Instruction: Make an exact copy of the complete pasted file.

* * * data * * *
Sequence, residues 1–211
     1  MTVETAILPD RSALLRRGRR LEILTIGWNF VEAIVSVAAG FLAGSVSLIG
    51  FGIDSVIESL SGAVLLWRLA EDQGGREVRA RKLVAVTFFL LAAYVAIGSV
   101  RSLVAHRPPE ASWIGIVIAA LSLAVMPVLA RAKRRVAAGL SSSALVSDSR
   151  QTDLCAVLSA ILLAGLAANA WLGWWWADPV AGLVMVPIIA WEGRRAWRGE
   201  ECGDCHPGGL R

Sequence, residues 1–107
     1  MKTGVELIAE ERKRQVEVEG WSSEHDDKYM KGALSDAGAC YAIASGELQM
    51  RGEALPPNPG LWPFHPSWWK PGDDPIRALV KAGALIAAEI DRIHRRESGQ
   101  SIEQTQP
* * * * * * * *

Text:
Sequence, residues 1–211
     1  MTVETAILPD RSALLRRGRR LEILTIGWNF VEAIVSVAAG FLAGSVSLIG
    51  FGIDSVIESL SGAVLLWRLA EDQGGREVRA RKLVAVTFFL LAAYVAIGSV
   101  RSLVAHRPPE ASWIGIVIAA LSLAVMPVLA RAKRRVAAGL SSSALVSDSR
   151  QTDLCAVLSA ILLAGLAANA WLGWWWADPV AGLVMVPIIA WEGRRAWRGE
   201  ECGDCHPGGL R

Sequence, residues 1–107
     1  MKTGVELIAE ERKRQVEVEG WSSEHDDKYM KGALSDAGAC YAIASGELQM
    51  RGEALPPNPG LWPFHPSWWK PGDDPIRALV KAGALIAAEI DRIHRRESGQ
   101  SIEQTQP